As you may have heard, the markets were not impressed with the "plan" outlined on Tuesday by Treasury Secretary Geithner. The audience was equally difficult later in the day, when legislators openly laughed at his presentation.
Secretary Geithner is committed to expanding federal guarantees and spending by trillions of dollars. One area of major concen-tration is what he termed a Public-Private Investment Fund, tasked with spending up to a trillion dollars purchasing consumer loans from banks and other lenders. His goal is to reinvigorate secondary markets, thereby lubricating financial markets.
Let's see, federal bureaucrats will be picking and choosing among a dozen types of loans, millions of individual transactions and an almost infinite number of pricing possibilities. These are the same folks who, according to the auditors, already wasted nearly $80 billion (out of $300 billion) in just a few dozen bank bailouts in November.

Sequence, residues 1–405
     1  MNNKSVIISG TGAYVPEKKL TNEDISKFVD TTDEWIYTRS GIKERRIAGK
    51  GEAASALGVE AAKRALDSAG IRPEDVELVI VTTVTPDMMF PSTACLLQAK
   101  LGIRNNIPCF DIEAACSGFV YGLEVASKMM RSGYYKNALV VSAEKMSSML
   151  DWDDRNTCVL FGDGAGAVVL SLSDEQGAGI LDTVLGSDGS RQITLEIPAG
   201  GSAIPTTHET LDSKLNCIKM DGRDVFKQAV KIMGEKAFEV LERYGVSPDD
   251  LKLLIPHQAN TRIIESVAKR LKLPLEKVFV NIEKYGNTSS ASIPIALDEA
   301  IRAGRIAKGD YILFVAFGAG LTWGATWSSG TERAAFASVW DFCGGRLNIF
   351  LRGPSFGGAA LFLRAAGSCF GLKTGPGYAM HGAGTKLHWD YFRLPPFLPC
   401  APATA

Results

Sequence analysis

And who are the feds going to partner with on this, according to Mr. Geithner's plan? Well, the most experienced people in the world at doing this sort of thing are the folks working at investment banks, hedge funds and private equity firms on Wall Street.
Now, if you were a betting person, which team would you bet on to most likely walk away with the marbles? Tim's clerks at Treasury or the folks at Goldman, Blackstone and KKR?
- First, it will not achieve it's stated purpose.
- Second, it will interfere with the market's own recovery process, already underway.
- Third, a significant percentage, a hundred billion dollars or more, will dribble out into the grasping fingers of the players.
This is the only man who can rescue the markets?
Maybe in the old Soviet system. In America, we can do better. Just let the market itself lead the process.